Questions tagged [pop-culture]
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Why a duck, in "ducked out"?
Maybe more a cultural question, about USA. Not the same question as: to duck out to do something ...this question is based on that, stop saying it's duplicated please :) If "to duck out" is &...
How did the phrase "back at Square One" originate?
A line from the TV series Monk (2002–2009): Welcome to square one. Pop culture has many instances of "Square One". It means "right where we started", emphasising comedically that ...
What did Marge Simpson mean when she said "629,000 results. Wow. And all this time I thought that ‘googling’ yourself meant the other thing"
What did Marge Simpson mean when she said while googling her name 629,000 results. Wow. And all this time I thought that ‘googling’ yourself meant the other thing. (S18 E17, April 22, 2007) ...
What does "juice" mean in pop culture? [closed]
In Bob Dylan's song, "like a rolling stone", he says, "you only used to get juiced in it". In a various rap songs also, they talk about "having juice", "being juiced", "juicing [someone else]", "...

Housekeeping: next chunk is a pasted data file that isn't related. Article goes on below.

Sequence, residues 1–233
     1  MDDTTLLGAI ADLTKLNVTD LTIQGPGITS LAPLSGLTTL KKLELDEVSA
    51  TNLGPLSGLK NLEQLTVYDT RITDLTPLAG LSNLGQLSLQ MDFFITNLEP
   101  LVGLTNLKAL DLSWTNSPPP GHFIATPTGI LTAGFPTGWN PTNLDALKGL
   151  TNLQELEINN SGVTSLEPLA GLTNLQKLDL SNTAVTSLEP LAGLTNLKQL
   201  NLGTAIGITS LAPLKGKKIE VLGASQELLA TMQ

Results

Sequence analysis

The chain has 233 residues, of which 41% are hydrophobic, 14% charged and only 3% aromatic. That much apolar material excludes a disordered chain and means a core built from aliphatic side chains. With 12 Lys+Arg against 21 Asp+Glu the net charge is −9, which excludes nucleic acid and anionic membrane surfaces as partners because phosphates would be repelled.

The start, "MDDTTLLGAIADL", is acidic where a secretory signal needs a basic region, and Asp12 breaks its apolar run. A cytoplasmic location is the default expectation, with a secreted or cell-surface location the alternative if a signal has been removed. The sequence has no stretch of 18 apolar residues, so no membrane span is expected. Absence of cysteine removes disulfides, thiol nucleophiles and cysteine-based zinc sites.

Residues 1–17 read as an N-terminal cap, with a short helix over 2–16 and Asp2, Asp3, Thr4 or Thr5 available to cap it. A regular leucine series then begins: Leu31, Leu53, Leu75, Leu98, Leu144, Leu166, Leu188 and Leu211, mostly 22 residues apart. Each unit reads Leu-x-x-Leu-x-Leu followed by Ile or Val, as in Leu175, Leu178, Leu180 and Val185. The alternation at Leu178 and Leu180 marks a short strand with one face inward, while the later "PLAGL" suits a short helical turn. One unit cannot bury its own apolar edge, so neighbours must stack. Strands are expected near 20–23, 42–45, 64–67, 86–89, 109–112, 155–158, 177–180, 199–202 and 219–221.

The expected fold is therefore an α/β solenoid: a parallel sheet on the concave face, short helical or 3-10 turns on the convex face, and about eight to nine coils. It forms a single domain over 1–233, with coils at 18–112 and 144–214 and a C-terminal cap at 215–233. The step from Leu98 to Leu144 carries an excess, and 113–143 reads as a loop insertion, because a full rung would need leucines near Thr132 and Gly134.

Why "wonder woman" and not "wonderwoman"? [closed]
It's kind of pedantic question perhaps, or maybe if the reason I'm not getting the point is not that English is my second language, perhaps you can call it a feminist outcry, but regardless: Why is ...
What does schizo mean in “schizophrenia” and “schizo tech”?
TV Tropes says that the Naruto universe lives in Schizo Tech. The universe essentially mixes feudal society with modern technology (and clothing). The only exceptions are things like cars and guns. ...
Is there a term for not identifying with your current age?
"Transgender" refers to someone who doesn't identify with their birth gender. "Transracial" refers to someone who doesn't identify with their birth race. Is there a term for someone who doesn't ...
What is the meaning of 'skrt'?
I've been learning English for many years and recently found this word 'skrt'. I think people with hip hop background use this word a lot. And some use it as an adjective. From my understanding this ...
What is 'Agni Dei in sugar'?
I am reading 'A Dog of Flanders' and here is the sentence that includes the phrase: She had neither brother nor sister; her blue serge dress had never a hole in it; at Kermesse she had as many gilded ...
What's the word for 'commonly understood reference which evokes emotion'?
One hundred years ago if a speech included a particular bible reference, everyone (from a western country) would get it and understand the context. Today there are less of these commonly held ...
What does "bad girls go backstage" mean?